It’s essential to have a clear hiring policy so that everyone who participates in the hiring process knows what to expect. If how your company hires isn’t clear, you’re leaving yourself open to accusations that you’re biased and don’t care about diversity. You can avoid these issues by making sure that hiring managers, current employees and job candidates understand the steps you take before bringing someone on board. Make sure that potential employees know that you use candidate screening and assessment tools to find the best person for every job regardless of gender or ethnicity.
4. Writing Exclusionary Job Postings
As you think about diversity, you have to think about the accessibility of your company culture. Having a diverse team when it comes to ethnicity and gender is great. However, individuals from different backgrounds may also struggle to communicate effectively. It’s essential to prioritize a company culture that encourages team members to discuss ideas openly. Building that culture isn’t possible if you don’t keep culture in mind during the hiring process.
Being inclusive means writing an inclusive job posting. Slang has become very popular in job postings. You’ve probably seen recruitment ads that use trendy terms such as “hacker” or “ninja”. While individuals in a given industry might understand what these terms mean, they likely won’t apply to your job if they don’t think they fit the personality that you’re projecting. For example, a mom who’s been working from home as a software developer might not want to work for a company that uses edgy language to try to recruit her.
Using neutral language in job postings is essential. Remember that you’re not sorting candidates for cultural fit based on how they respond to your job description. You’ll have an opportunity to weigh overall fit through your candidate assessment system later in the hiring process.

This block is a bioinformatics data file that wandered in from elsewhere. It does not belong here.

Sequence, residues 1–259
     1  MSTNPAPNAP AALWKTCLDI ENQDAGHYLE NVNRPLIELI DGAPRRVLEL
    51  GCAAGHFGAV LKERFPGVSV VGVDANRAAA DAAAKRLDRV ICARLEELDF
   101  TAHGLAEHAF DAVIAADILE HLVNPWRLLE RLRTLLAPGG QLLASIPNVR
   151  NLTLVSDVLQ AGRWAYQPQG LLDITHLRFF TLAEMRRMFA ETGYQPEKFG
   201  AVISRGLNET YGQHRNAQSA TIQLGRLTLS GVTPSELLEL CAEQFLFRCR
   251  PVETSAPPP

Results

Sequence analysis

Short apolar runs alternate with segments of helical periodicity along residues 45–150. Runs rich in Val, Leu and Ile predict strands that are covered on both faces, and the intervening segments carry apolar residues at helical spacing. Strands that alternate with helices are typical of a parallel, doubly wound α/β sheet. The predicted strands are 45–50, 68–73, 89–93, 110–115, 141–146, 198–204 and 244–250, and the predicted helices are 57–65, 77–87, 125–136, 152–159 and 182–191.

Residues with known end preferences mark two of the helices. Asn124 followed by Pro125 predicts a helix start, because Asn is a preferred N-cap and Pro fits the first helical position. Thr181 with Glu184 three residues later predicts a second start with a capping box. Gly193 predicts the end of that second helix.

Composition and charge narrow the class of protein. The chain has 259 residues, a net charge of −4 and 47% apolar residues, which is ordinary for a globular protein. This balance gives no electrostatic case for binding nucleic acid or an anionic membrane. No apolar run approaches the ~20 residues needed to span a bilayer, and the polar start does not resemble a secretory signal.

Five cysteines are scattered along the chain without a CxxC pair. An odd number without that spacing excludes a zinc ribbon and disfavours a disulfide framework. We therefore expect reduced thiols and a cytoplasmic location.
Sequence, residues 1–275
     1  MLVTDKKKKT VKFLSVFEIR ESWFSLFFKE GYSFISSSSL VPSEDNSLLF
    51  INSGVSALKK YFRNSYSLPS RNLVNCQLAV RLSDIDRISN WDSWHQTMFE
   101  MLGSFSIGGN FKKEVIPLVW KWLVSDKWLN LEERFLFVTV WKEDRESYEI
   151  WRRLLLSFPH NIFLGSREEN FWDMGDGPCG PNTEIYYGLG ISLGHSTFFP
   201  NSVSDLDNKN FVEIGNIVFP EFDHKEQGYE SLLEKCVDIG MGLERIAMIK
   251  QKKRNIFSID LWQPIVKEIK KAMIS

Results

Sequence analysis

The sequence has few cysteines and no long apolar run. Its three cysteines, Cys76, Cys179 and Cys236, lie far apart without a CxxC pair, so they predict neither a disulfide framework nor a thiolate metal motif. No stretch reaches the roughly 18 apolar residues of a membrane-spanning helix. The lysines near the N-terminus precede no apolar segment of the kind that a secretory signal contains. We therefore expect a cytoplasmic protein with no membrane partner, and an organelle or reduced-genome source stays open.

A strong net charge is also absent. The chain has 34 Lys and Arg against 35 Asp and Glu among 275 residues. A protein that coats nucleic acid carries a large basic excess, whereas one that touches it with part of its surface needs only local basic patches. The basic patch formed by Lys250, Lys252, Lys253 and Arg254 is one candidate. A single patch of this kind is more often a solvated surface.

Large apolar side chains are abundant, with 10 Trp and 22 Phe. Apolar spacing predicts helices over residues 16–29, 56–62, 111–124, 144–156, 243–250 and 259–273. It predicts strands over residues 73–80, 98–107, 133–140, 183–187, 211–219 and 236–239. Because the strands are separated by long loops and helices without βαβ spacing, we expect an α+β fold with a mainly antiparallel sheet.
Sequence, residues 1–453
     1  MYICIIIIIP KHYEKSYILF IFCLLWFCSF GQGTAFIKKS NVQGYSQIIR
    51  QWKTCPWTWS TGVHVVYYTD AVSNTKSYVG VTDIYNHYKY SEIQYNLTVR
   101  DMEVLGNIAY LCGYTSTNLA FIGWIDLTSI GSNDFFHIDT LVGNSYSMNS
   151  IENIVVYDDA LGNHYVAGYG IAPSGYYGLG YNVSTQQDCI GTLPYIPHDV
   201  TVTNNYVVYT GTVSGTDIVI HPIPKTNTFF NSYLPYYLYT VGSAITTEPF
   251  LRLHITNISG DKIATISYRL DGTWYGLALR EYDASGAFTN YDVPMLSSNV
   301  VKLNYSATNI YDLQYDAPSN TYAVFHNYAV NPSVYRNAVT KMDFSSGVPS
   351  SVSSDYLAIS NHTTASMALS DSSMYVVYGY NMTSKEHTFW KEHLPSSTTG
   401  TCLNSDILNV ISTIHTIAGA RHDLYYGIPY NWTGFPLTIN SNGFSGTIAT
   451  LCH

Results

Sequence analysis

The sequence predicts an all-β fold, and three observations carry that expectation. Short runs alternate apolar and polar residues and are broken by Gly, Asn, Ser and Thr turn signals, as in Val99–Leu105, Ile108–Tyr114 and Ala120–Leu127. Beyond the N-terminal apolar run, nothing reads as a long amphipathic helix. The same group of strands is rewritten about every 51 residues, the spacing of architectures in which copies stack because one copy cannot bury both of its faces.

5. Allowing Team or Job-Role Segregation
Imagine you’re hiring four individuals to fill an entryway greeter position at your store. You interview candidates from different age and racial groups, but you hire only older adults to serve as greeters. This might seem like a harmless approach to hiring. However, segregating individuals from under-represented groups into certain job roles or onto certain teams is a big diversity no-no.
One smart way to combat unconscious bias is to use an artificial intelligence-backed candidate screening system to assess potential hires and improve your diversity recruiting. A well-designed applicant matching system offers one of the easiest ways to eliminate unintentional bias in the hiring process. Instead of placing a candidate in a position based on what you perceive their attributes to be, a candidate screening system will help you place candidates in job positions where they’re likely to excel. This is a win-win because it eliminates accusations of hiring bias. Plus, it identifies candidates you might have overlooked otherwise.
Building a diverse workforce might seem daunting. However, doing the hard work of eliminating hiring mistakes and putting an inclusion-minded culture in place has serious returns. Ensuring diversity at the highest level of an organization is actually associated with significantly higher returns on equity over organizations that lack diversity in the C suite. Diversity also helps firms capture new markets, especially outside of the U.S. There’s no doubt that the time and capital you invest in smart diversity hiring solutions today can have an impressive ROI.